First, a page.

Delphi method

From Clinfowiki
Jump to: navigation, search

The Delphi method is a process of systematically structuring human communications while relying on "a group of experts who anonymously reply to questionnaires and subsequently receive feedback in the form of a statistical representation of the"[1] round of group responses. Through a process of iteration, the goal is to achieve group consensus from the reduction of the range of responses of expert opinions, ideas, and words.

Brief History

The Delphi method originated from defense research. An United States Air Force-sponsored Rand Corporation study from the 1950's called "Project Delphi" was commissioned to investigate the use of expert opinion. The study looked to apply "expert opinion to the selection, from the point of view of a Soviet strategic planner, of an optimal U. S. industrial target system and to the estimation of the number of A-bombs required to reduce the munitions output by a prescribed amount."[2] The alternative method to studying the aforementioned problem during the 1950's would be to conduct extensive and expensive data collection, programming and implementing computer models so large that the computer size would have been a major prohibitive factor for the kind of computers available back then.

Principal Use

The Delphi method is useful "for use on complex or ambiguous problems that exceed the capabilities of a single person."[3] Furthermore, the method could be applied when "accurate information is unavailable or expensive to obtain, or evaluation models require subjective inputs to the point where they become the dominating parameters."[4]


  • In research using group interaction, a person's attitudes and opinions do not develop in a closed system and that individuals need to take account of others' opinions, ideas, and knowledge so that he or she can develop their own. [5]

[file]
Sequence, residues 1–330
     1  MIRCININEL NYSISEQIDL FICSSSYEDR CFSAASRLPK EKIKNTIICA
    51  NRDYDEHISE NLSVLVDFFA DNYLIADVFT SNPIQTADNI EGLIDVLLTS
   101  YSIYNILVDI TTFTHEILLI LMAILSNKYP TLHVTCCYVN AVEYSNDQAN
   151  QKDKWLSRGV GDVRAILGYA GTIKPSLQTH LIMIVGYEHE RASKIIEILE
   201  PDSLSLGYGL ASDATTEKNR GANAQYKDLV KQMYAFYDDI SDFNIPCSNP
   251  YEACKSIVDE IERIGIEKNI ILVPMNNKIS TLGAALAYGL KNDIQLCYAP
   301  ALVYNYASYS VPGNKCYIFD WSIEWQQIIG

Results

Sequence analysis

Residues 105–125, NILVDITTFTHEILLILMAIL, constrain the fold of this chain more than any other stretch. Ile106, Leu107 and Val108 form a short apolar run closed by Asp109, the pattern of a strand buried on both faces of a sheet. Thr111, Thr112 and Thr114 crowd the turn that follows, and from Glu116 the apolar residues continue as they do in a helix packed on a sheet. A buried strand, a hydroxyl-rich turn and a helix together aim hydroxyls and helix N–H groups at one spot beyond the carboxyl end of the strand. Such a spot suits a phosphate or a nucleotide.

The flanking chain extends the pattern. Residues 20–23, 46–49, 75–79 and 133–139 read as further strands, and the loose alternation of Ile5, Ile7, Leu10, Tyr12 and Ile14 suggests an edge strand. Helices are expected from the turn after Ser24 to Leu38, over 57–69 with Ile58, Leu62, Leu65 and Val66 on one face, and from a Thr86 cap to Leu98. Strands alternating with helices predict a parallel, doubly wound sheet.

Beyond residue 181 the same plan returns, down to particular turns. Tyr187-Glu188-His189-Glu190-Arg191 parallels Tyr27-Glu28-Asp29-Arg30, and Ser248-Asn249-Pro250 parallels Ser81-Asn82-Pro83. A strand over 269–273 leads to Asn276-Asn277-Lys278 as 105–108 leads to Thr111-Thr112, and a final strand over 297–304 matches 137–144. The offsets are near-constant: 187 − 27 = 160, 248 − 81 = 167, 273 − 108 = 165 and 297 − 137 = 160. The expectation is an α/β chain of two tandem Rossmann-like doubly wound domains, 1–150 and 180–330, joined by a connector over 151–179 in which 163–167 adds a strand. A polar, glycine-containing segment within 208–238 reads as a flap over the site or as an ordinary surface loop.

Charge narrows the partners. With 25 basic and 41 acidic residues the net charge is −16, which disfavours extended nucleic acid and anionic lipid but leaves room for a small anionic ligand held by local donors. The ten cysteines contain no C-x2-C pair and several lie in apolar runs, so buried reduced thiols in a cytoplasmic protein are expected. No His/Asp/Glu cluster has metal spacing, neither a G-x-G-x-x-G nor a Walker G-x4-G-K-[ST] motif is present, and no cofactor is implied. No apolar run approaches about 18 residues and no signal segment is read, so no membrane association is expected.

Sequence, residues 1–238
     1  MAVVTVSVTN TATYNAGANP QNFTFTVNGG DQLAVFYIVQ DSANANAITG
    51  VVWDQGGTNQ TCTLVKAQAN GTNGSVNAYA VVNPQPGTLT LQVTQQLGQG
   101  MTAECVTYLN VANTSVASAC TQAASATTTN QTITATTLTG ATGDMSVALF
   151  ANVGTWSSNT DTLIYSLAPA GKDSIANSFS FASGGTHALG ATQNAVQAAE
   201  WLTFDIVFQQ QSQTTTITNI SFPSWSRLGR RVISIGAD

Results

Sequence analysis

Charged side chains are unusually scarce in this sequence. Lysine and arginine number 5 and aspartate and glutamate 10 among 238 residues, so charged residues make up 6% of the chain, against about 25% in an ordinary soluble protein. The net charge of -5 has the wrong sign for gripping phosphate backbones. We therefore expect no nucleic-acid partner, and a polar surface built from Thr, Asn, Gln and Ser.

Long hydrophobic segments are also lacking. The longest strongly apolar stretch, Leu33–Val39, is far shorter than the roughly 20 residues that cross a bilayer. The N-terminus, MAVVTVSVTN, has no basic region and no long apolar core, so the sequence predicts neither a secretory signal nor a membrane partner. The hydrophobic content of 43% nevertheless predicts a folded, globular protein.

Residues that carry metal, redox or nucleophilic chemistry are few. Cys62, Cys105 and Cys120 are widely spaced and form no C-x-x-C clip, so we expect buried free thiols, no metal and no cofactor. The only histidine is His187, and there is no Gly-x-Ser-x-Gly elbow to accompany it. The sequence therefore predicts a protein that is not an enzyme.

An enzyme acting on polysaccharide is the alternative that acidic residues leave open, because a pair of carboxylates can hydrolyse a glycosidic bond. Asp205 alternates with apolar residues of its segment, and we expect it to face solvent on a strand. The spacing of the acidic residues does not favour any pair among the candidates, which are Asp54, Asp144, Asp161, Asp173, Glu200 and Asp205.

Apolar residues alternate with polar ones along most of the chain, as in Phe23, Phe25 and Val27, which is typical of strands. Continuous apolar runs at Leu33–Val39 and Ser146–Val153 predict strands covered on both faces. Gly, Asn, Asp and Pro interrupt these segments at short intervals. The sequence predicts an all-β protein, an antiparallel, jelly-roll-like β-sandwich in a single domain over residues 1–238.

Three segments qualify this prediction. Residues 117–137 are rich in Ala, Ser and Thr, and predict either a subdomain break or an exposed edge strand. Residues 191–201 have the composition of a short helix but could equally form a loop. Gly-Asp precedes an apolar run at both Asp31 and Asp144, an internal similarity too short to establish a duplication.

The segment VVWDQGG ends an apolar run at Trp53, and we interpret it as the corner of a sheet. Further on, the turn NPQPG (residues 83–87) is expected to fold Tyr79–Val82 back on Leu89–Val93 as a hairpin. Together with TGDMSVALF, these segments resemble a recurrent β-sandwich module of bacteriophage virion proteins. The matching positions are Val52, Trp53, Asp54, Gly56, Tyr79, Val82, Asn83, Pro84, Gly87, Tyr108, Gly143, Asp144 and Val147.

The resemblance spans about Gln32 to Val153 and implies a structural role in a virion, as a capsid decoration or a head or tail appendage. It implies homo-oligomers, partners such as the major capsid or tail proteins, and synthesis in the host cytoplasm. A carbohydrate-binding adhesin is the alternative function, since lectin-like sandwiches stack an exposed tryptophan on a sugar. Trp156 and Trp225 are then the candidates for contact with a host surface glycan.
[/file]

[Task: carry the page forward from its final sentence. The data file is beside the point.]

• Group judgments are more valid than individual judgments.

Some advantages

  • More participants can be involved than a face to face method allows.
  • The anonymity of participants is kept.[4]
  • Provides a structured way for a group of people to make decisions in a political or emotional environment about complex problems.[4]
  • Research participants avoid direct confrontation with other experts.[5]
  • Researchers are able to "significantly extend the empirical observations upon which

their initial theory is based—thus strengthening the grounding of the theory and increasing the likelihood that the resulting theory will hold across multiple contexts and settings."[5]

Some disadvantages

  • The Delphi process can be quite time-consuming.
  • Anonymity may lead to lack of accountability.
  • The process can be easily influenced by the coordinator.
  • Expert bias is a strong possibility.[4]
  • A middle opinion is more likely to emerge due to the tendency to remove extreme expert opinions.[4]

Examples in Informatics:

  1. Goossen WT, Epping PJ, Dassen T. Criteria for nursing information systems as a component of the electronic patient record: an international Delphi study. Comput Nurs. 1997 Nov-Dec; 15(6): 307-15.
  2. Hübner-Bloder G, Ammenwerth E. Key performance indicators to benchmark hospital information systems - a Delphi study. Methods Inf Med. 2009; 48(6): 508-18. Epub 2009 Nov 5.
  3. Iljaž RJ, Meglič M, Svab I. Building consensus about eHealth in Slovene primary health care: Delphi study. BMC Med Inform Decis Mak. 2011 Apr 18; 11: 25. doi: 10.1186/1472-6947-11-25.
  4. Staggers N, Gassert CA, Curran C. A Delphi study to determine informatics competencies for nurses at four levels of practice. Nurs Res. 2002 Nov-Dec; 51(6): 383-90.


  1. Delphi Method [Internet]. [Place unknown]: RAND Corporation; 1994 [updated 2011 Jan 29; cited 2012 Nov 25]. Available from
  2. Dalkey N, Helmer, O. An experimental application of the Delphi method to the use of experts. Management Science. 1963 Apr; 9(3): 458-467. doi: 10.1287/mnsc.9.3.458.
  3. Ciałkowska M, Adamowski T, Piotrowski P, Kiejna A. What is the Delphi method? Strengths and shortcomings. Psychiatr Pol. 2008 Jan-Feb; 42(1): 5-15.
  4. Linstone HA, Turoff M. The Delphi method: Techniques and applications. Reading, Mass.: Addison-Wesley; 1975.
  5. Reed J, Payton VR. Focus groups: Issues of analysis and interpretation. J Adv Nurs. 1997 Oct; 26(4): 765-771.
  6. Okoli C, Pawlowski SD. The Delphi method as a research tool: an example, design considerations and applications. Information & Management. 2004 Dec; 42(1): 15-29. doi: 10.1016/

Submitted by AiLien Truong